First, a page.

Civil and Environmental Engineering, PhD

This is the first version of the 2024–25 General Catalog. Please check back regularly for changes. The final edition and the historical PDF will be published during the fall semester.

Graduate study in civil and environmental engineering prepares students for professional careers and further study. The principal concentration areas are environmental engineering and environmental science; hydraulics, hydrology, and water resources; structures, mechanics, and materials; sustainable water development; and transportation.

Research and Study Areas

Structures, Mechanics, and Materials

The structures, mechanics, and materials curriculum is designed for students who wish to gain knowledge and skill in the mechanics of solids and structures that they can apply to civil infrastructure systems and other fields. The program concentrates on developing appropriate methodologies for tackling broad, complex issues related to civil infrastructure systems, and on educating engineers in the implementation and application of methodologies to actual engineering projects. Faculty members have expertise in structural engineering, design optimization, solid mechanics, and computational methods.

Transportation Engineering

The transportation engineering curriculum is geared toward students interested in developing specialized knowledge and skills applicable to the diverse set of issues associated with transportation. Faculty members have expertise in traffic engineering, infrastructure management systems, pavement engineering, advanced construction materials, dynamic load and pavement simulation, optimal design, winter highway maintenance, real-time simulation, human factors, intelligent sensors, nondestructive testing, transportation planning, and travel demand modeling.

Water and the Environment

The water and the environment graduate program focuses on both fundamental and applied aspects of environmental systems and processes across a range of scales. The water and the environment program offers unique opportunities for students to actively participate in the research, analysis, and design aspects of real-world problems. There are three areas of specialization: environmental engineering and science; hydraulics, hydrology, and water resources; and sustainable water development.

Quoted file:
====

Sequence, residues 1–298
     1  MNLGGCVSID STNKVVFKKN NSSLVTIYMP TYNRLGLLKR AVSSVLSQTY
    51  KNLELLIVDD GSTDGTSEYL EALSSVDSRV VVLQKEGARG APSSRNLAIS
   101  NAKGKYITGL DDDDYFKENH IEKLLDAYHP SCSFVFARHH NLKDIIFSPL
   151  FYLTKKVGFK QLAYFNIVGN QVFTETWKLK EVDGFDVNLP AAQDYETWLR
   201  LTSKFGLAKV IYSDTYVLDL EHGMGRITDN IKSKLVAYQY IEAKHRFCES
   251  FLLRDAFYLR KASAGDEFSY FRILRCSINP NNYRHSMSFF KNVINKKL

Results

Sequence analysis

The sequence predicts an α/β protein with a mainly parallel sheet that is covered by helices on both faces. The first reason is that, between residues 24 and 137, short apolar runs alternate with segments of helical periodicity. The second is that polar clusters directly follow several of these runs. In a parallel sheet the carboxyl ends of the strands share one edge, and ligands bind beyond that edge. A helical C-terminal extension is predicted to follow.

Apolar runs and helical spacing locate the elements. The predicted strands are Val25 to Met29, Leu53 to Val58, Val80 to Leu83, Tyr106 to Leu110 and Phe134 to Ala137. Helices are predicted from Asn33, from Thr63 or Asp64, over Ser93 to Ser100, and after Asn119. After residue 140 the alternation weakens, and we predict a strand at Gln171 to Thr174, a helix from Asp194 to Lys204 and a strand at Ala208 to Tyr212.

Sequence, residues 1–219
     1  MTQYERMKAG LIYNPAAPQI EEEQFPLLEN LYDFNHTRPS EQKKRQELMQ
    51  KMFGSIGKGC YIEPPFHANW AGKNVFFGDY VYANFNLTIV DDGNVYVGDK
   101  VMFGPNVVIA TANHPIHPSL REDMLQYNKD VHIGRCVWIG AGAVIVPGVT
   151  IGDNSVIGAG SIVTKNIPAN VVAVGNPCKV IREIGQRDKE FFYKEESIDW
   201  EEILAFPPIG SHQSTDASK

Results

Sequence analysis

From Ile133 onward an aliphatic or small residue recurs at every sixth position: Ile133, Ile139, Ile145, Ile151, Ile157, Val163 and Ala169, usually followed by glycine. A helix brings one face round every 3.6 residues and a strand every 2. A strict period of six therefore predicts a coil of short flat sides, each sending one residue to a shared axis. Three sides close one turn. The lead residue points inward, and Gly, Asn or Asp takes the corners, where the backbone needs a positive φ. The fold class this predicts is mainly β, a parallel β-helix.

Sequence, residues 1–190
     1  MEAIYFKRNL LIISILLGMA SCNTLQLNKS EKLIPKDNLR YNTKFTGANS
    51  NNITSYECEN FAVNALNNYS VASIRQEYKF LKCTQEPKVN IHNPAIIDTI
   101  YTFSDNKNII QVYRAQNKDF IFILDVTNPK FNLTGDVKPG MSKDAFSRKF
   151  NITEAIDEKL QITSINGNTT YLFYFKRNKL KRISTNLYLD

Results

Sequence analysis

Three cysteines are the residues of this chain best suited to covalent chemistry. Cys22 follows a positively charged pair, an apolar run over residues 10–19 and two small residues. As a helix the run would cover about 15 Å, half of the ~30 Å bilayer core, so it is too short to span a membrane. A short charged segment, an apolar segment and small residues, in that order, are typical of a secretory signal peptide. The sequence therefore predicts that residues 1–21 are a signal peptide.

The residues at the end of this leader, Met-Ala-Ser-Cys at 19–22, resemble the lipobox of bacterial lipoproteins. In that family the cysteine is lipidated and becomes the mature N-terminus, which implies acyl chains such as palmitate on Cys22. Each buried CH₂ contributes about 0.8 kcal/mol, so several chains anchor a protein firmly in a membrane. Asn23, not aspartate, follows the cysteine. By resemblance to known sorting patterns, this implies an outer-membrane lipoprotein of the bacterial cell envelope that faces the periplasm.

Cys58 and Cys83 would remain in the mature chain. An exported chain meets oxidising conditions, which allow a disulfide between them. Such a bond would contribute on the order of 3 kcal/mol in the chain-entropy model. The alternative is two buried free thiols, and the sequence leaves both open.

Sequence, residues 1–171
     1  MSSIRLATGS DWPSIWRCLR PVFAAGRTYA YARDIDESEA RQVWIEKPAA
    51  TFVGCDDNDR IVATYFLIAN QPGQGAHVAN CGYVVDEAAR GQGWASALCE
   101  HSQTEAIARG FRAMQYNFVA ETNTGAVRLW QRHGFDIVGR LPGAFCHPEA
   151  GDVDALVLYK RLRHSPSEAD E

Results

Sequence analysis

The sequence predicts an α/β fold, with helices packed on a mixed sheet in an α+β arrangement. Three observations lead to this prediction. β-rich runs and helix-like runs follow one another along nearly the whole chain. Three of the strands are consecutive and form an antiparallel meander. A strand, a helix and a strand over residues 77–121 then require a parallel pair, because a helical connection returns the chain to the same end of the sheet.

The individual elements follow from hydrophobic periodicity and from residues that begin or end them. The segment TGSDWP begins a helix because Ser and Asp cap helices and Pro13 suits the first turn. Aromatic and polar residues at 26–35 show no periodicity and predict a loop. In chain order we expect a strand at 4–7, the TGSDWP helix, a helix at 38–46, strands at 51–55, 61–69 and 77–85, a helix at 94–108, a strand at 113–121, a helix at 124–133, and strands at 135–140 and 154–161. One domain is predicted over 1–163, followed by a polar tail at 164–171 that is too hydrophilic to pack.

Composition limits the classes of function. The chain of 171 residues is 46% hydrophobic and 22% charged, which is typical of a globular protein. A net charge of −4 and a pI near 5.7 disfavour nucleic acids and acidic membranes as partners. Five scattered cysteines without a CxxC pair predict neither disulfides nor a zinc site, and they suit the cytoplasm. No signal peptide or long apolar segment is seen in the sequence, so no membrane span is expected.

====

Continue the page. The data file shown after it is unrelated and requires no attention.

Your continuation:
The environmental engineering and science curriculum provides a comprehensive base of coursework and research in the areas of air and water quality management; environmental chemistry and microbiology; natural systems modeling; and processes for water supply, pollution control, and solid and hazardous waste management.

The hydraulics, hydrology, and water resources curriculum is associated with IIHR—Hydroscience and Engineering, a world-renowned research institute, where senior staff members of the institute are professors in the program. IIHR offers unique curriculum opportunities in laboratory and field-scale experimentation, and in mathematical modeling with IIHR's high-speed computer facilities.

The sustainable water development curriculum is focused on training interdisciplinary professional engineers, researchers, educators, and those who are ready to meet the water resource challenges of communities most in need. Community service and professional development experiences complement innovative research at the food, energy, and water nexus.

Across all specialization areas within water and the environment, interdisciplinary research and study are conducted with programs including the Center for Global and Regional Environmental Research, the Center for Health Effects of Environmental Contamination, the Center for Hydrologic Development,  the Iowa Flood Center, the Iowa Superfund Research Program, the Hazardous Substances Research Center, and the Center for Biocatalysis and Bioprocessing; the departments of Chemical and Biochemical Engineering (College of Engineering), Earth and Environmental Sciences, Geographical and Sustainability Sciences (College of Liberal Arts and Sciences), Microbiology and Immunology (Carver College of Medicine), and Occupational and Environmental Health (College of Public Health); and the School of Planning and Public Affairs (Graduate College). Other areas of interdisciplinary focus include groundwater contamination, biotechnology, global climate change, and hazardous substances.

Learning Outcomes

Students will gain the ability to:

  • apply critical thinking skills and principles of engineering and science to solve problems that address societal needs;
  • communicate effectively with a range of audiences;
  • make ethical and professional judgments that consider the global, economic, environmental, and societal contexts of their decisions and proposed engineering solutions; and
  • conduct original research that advances discovery through the use of modern research tools and methodologies.